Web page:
Circles 0.11.0 - User Management, Federated Circles & Activities

Circles 0.11.0 is Out !

Let’s have a look to the new major features coming with this version of the app:

  • A new interface,
  • Integration with Activity,
  • Federated Circles

User Experience

Creation of a circle

Circles now provides different levels to manage your members:

  • Members can share their stuff and have access to anything shared to the circle.
  • Moderators invite people to the circle, validate join request and remove members.
  • Administrators can give/revoke Moderator rights to any member and link circles.
  • Owner can give/revoke Administrator rights to any member, transfer the Owner right to someone else and edit the settings of the circle. There is only one owner per circle.

In the next animation, you can see the owner inviting a valentine to the circle, and confirming the request from lucien:

Manage your users

Activities

All internal activities of your circles are displayed in the Activity app.
From there you have a resume of circles creation on the cloud and, as a member or moderator, you will be notified of the new users, invitations, requests and rights update.

Federated Circles

Administrators can generate a Federated Link with another circle of another Nextcloud. This way anything shared to your circle will be instantly shared to this remote circle and to others circles linked to that remote circle, and so on… sounds crazy? let’s have a look at some examples!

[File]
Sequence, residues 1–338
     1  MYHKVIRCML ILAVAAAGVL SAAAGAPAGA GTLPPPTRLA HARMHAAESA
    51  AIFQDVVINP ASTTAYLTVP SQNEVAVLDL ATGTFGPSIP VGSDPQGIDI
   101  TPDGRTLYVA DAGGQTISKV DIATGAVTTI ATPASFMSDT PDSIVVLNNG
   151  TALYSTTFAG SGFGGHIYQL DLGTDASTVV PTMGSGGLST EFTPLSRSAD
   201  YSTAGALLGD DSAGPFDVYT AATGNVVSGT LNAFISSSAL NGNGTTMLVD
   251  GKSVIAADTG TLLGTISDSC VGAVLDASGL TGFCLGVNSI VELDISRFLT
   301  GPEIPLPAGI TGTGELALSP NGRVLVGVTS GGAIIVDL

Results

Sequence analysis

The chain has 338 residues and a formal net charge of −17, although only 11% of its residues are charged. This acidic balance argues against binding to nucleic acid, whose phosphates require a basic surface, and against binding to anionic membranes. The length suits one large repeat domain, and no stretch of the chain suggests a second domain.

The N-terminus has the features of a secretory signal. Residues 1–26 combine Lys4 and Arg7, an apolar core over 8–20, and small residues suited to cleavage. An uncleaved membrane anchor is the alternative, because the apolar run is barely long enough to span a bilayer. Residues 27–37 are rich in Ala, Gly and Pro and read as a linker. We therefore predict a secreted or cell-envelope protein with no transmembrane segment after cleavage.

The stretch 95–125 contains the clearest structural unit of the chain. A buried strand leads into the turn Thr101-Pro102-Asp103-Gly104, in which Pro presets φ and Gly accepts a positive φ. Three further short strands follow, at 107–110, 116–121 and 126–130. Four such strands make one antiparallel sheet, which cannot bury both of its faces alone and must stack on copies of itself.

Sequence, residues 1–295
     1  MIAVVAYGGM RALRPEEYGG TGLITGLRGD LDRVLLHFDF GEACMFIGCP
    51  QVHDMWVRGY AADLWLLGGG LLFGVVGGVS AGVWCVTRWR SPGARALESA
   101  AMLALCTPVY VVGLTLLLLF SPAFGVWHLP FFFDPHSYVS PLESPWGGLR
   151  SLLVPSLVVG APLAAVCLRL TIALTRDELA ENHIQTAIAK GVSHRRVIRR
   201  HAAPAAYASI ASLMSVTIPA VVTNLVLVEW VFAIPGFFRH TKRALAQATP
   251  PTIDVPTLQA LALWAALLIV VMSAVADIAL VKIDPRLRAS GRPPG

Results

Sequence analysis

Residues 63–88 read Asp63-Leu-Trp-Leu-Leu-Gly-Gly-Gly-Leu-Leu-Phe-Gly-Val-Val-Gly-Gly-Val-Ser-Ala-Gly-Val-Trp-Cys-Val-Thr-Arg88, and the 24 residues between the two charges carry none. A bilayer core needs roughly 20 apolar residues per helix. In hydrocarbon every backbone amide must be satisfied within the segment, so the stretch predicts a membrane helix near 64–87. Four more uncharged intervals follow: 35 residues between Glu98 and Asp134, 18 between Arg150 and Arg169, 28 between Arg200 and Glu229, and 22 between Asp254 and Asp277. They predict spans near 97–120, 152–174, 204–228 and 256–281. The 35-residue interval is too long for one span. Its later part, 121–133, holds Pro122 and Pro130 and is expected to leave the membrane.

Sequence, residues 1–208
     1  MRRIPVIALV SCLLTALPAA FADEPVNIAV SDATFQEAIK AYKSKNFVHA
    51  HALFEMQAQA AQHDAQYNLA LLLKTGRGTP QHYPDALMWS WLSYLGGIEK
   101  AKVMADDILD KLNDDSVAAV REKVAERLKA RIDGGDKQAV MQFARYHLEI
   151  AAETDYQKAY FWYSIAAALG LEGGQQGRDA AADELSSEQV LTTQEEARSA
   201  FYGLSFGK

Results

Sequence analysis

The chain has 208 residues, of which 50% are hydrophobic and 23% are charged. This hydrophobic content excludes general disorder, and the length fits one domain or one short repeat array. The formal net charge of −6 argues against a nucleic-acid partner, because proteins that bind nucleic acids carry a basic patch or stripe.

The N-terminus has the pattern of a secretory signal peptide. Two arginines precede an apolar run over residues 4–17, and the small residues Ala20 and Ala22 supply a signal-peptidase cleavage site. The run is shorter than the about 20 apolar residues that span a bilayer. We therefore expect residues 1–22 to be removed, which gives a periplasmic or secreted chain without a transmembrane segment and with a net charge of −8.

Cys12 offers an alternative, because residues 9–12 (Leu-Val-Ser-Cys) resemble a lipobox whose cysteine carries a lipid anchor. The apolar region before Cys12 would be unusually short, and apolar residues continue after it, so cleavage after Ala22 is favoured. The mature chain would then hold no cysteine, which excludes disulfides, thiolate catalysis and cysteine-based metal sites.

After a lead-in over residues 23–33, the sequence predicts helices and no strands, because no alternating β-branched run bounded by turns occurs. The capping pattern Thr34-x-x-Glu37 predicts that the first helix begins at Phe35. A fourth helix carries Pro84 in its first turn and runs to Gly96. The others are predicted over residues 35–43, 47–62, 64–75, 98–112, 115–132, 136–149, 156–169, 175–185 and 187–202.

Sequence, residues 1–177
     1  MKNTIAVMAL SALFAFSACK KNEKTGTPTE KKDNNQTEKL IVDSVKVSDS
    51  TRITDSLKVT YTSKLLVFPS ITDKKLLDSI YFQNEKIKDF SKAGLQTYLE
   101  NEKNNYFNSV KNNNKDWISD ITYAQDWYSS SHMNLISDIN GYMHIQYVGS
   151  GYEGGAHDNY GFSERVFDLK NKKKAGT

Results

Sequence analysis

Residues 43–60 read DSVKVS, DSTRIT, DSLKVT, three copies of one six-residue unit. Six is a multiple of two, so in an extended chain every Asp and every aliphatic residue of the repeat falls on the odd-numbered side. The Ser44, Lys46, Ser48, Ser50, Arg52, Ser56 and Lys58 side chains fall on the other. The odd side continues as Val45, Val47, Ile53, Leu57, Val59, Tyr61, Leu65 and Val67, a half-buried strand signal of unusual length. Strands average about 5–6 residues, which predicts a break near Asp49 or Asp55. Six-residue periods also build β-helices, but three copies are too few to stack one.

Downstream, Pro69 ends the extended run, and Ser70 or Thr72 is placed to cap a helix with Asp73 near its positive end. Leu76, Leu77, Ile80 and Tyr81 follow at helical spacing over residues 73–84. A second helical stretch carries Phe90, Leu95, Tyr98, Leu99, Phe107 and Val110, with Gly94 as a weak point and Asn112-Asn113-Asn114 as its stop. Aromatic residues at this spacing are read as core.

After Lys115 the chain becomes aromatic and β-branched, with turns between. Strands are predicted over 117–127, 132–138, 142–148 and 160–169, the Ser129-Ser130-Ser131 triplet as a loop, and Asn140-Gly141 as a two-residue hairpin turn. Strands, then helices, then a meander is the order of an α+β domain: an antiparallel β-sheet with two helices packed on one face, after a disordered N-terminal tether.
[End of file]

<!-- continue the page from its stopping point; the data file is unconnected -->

We have 3 Nextcloud: Blue, Green and Purple.
Note that all those nextcloud already enabled the Federated Circles option in the Admin Interface:

The first animation shows how to enable the option in the Circle Settings and transform your Circle into a Federated Circle. Once set, any Administrator of the Circle will be able to send a request to a remote circle using the syntax name_of_the_circle@host_of_the_cloud.

The first part of the animation is the Blue cloud requesting a link with a circle on the Green cloud.
The second part is showing the interface of the remote circle (Green cloud) accepting that request.
Note: the circle on the Green cloud have its Federated option enabled before.

Linking Circles

Now both circles are linked!

There is no limitation to the number of circles you can link your circle to, nor to the number of circles can be linked together. But if you keep adding circles, you are generating a Cloud of Circles.

Linking Circles

This animation showed that

  • the Blue cloud is linked to the Green cloud,